Iconic partisan hospital badly damaged in storm
The UNESCO-listed Franja Partisan Hospital, one of the most iconic monuments to the partisan struggle in World War II, has been badly damaged in a storm that swept through northern Slovenia on 13 July.
Three of the 14 wooden buildings have been swept away and another three damaged. The flood wave also destroyed the last part of the access path and electric infrastructure.
The museum, nestled deep in the narrow Pasica Gorge near Cerkno, is currently inaccessible and will remain closed indefinitely.
Once safe access is possible, the museum team will be joined on the ground by experts from the national Cultural Heritage Institute, the Culture Ministry has said.
This is not the first time the popular museum was damaged in a storm. In September 2007, a heavy storm caused flash floods in the narrow gorge, completely destroying all but one shed.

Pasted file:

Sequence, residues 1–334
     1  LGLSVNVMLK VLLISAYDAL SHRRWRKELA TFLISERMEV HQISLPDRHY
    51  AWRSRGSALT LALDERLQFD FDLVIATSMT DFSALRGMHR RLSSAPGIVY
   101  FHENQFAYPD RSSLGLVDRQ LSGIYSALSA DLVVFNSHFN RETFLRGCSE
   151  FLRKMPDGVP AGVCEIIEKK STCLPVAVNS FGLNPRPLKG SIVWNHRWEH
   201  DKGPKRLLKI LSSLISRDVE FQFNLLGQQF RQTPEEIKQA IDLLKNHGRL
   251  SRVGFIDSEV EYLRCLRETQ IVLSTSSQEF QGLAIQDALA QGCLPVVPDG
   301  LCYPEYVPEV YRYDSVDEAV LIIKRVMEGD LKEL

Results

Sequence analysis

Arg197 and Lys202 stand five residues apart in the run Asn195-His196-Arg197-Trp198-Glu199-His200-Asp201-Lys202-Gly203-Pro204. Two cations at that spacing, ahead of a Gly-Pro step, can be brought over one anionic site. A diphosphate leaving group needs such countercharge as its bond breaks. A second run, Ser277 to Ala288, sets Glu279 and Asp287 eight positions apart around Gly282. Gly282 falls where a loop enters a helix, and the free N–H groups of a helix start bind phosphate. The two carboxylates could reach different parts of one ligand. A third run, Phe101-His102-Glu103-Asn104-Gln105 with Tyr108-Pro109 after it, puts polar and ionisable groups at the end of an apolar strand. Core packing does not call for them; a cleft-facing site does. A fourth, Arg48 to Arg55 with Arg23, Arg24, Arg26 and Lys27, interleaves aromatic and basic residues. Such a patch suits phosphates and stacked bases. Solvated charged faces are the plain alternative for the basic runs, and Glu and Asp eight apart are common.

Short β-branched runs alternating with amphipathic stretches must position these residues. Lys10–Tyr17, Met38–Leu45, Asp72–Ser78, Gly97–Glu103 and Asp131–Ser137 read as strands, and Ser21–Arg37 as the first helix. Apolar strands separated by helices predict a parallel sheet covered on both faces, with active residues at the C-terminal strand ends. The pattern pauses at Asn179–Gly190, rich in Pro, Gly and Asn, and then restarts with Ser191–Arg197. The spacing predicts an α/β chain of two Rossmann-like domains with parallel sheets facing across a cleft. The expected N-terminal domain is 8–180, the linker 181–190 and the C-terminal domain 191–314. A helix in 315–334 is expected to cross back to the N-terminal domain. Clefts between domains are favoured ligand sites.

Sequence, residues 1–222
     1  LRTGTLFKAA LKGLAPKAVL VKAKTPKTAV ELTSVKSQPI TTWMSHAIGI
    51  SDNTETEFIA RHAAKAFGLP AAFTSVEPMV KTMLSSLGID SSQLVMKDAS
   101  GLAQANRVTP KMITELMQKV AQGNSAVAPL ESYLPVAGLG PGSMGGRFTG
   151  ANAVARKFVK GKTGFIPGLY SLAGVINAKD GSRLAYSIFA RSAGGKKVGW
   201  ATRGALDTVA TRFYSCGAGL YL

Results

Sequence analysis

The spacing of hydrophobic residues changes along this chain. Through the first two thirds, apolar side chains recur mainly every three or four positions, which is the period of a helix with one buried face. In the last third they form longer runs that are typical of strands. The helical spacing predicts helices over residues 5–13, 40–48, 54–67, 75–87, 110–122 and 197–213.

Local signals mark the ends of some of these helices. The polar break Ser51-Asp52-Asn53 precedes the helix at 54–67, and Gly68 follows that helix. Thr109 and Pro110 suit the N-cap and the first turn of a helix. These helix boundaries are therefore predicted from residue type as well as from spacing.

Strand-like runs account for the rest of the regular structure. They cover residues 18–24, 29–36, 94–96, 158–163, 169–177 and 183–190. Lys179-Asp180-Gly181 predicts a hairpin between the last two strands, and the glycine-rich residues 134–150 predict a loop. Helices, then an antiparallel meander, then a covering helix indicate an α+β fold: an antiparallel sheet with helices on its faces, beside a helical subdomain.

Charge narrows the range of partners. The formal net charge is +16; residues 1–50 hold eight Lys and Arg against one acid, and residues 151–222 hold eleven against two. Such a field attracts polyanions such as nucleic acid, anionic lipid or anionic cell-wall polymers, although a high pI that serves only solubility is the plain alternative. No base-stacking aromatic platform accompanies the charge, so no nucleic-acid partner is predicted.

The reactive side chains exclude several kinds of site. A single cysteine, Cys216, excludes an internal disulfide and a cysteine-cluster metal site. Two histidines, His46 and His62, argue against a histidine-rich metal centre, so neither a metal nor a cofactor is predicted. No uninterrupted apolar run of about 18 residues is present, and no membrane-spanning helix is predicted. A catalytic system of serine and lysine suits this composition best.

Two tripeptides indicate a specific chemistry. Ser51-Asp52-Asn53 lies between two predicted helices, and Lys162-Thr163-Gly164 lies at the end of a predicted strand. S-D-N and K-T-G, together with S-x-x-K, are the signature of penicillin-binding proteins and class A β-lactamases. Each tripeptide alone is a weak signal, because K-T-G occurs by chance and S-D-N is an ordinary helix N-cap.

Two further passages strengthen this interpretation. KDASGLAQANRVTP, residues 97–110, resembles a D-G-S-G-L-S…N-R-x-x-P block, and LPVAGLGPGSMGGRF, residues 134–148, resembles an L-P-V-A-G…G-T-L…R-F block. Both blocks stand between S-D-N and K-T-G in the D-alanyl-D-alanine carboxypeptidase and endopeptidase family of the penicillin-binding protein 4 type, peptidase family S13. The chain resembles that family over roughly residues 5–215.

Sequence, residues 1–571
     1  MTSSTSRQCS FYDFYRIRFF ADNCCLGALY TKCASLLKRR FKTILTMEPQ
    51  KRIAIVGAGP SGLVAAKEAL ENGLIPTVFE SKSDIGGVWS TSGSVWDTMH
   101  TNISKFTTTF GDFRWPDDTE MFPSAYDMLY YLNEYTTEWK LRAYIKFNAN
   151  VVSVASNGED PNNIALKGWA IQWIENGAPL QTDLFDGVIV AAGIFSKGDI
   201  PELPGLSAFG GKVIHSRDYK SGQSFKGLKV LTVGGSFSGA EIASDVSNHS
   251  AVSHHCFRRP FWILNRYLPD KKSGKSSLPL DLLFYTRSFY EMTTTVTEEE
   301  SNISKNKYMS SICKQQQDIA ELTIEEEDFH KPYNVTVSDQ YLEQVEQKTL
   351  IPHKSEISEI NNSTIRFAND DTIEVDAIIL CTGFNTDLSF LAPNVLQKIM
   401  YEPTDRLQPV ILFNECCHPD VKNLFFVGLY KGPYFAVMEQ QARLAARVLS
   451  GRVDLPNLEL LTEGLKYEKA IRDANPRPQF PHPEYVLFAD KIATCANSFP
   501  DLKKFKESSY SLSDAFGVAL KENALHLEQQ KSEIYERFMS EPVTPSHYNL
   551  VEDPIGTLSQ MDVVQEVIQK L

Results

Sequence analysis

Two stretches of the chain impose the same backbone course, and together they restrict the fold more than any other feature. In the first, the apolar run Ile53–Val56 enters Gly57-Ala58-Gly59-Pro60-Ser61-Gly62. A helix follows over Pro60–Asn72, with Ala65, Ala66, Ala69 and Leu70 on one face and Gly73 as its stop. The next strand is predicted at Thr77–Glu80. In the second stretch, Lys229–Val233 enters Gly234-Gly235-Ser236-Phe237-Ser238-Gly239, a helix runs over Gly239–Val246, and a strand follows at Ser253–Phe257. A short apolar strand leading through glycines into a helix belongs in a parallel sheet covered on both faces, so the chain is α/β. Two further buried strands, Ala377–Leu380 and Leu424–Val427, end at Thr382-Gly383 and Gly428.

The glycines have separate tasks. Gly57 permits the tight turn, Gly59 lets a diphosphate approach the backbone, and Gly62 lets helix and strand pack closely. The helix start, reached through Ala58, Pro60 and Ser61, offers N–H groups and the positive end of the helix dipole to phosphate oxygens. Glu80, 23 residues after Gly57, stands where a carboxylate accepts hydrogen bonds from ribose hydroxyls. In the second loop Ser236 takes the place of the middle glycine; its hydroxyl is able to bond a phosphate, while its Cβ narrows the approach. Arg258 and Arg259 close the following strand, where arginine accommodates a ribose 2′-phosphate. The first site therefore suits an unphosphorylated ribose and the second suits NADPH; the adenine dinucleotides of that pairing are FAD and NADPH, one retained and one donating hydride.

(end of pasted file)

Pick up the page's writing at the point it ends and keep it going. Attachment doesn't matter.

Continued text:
Apart from being on the UNESCO World Heritage Tentative List, Franja is a national cultural monument and bears the European Heritage Label.
It was built in December 1943 and remained secret until the end of World War II, saving the lives of 500 out of its 578 patients. It was built to help heavily injured and severely ill soldiers.
The hospital was among the best equipped clandestine partisan hospitals, with an operating room, X-ray machine, a care facility for disabled soldiers, and a small electric plant.
About 120 partisan hospitals were operating on Slovenian territory during the war, but only a few have been preserved and none as well as Franja.